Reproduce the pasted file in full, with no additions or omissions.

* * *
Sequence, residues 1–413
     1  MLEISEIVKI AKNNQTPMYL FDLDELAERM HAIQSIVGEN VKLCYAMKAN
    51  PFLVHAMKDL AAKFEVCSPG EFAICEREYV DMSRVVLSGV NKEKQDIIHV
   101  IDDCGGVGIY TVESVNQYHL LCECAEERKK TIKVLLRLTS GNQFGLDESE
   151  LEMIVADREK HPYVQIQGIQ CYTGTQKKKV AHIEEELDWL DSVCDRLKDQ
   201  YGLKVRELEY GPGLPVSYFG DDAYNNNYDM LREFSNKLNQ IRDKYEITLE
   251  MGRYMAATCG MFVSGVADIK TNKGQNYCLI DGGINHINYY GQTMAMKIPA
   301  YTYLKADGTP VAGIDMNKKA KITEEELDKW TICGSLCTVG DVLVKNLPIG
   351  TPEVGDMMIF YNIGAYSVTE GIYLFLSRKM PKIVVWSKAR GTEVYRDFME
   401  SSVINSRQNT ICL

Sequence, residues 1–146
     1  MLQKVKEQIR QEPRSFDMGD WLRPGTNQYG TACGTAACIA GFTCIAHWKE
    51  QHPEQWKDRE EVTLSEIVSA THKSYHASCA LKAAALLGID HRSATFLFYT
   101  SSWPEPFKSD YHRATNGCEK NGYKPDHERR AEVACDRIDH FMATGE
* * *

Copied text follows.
Sequence, residues 1–413
     1  MLEISEIVKI AKNNQTPMYL FDLDELAERM HAIQSIVGEN VKLCYAMKAN
    51  PFLVHAMKDL AAKFEVCSPG EFAICEREYV DMSRVVLSGV NKEKQDIIHV
   101  IDDCGGVGIY TVESVNQYHL LCECAEERKK TIKVLLRLTS GNQFGLDESE
   151  LEMIVADREK HPYVQIQGIQ CYTGTQKKKV AHIEEELDWL DSVCDRLKDQ
   201  YGLKVRELEY GPGLPVSYFG DDAYNNNYDM LREFSNKLNQ IRDKYEITLE
   251  MGRYMAATCG MFVSGVADIK TNKGQNYCLI DGGINHINYY GQTMAMKIPA
   301  YTYLKADGTP VAGIDMNKKA KITEEELDKW TICGSLCTVG DVLVKNLPIG
   351  TPEVGDMMIF YNIGAYSVTE GIYLFLSRKM PKIVVWSKAR GTEVYRDFME
   401  SSVINSRQNT ICL

Sequence, residues 1–146
     1  MLQKVKEQIR QEPRSFDMGD WLRPGTNQYG TACGTAACIA GFTCIAHWKE
    51  QHPEQWKDRE EVTLSEIVSA THKSYHASCA LKAAALLGID HRSATFLFYT
   101  SSWPEPFKSD YHRATNGCEK NGYKPDHERR AEVACDRIDH FMATGE